Objections, Objection handling, sales objections and responses, and overcoming objections in sales is a very deep subject, subject of many sales training programs, which we are going to analyze in future posts and topics.

However, to be able to understand objections and be able to handle them accordingly, we need to understand the 2 main categories that objections are divided into. After that, then overcoming objections is going to be easier than we think.

 

  1. Objections
  2. Excuses (disguised as objections)

 

What is the difference?

 

Objections have to do with real questions, problems, misunderstandings, point of views and perceptions of the product or service we are selling, from the prospect. Once you have those objections from the customer, then YOU KNOW that there is a real chance to have a potential client or that there is NOT an opportunity, if the objection that the customer has reflects a reality that your products or solution cannot satisfy.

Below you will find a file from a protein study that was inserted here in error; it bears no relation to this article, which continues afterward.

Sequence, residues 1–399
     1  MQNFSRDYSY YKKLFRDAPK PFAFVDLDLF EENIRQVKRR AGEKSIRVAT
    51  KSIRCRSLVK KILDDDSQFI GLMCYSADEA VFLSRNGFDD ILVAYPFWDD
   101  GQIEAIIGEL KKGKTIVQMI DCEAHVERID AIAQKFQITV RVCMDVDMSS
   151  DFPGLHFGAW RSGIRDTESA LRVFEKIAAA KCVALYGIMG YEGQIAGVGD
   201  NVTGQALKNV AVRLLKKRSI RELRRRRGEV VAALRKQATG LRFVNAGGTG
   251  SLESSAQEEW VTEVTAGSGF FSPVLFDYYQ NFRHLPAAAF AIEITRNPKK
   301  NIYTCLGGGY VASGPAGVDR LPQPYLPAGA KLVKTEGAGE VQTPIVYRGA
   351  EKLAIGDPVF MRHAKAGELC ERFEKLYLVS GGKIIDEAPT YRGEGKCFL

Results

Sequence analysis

Let me tell you a real-life example from my own experience.

When I was selling Telephone Cards on the Greek Islands, I heard all kind of different objections. By doing this job every day for years, I got the experience to be able to distinguish the real objections from the false ones.

Once I was on a Minimarket on the island of Ios, a well-located spot where tons of tourists passed by every day. The owner of this business, a smart young entrepreneur, although he understood the benefits of my product, said this: “I understand the USP (Unique Selling Point) of your product, however, I am not going to buy it because, the Mini Market opposite is owned by my brother-in-law, and he sells similar products, and I don’t want to compete him.” This statement of his was as honest as it could be and I think there is no point trying to convince him anymore because his argument is a real argument.

Furthermore, another thing that often happened to me was that the guy I was talking to, didn’t admit his lack of authority on the business. So often when I saw a 21-year-old, behind the cash machine claiming he was the business owner and saying no to the product, I suspected he was lying, so I paid a visit during rush time to meet and talk to the real manager.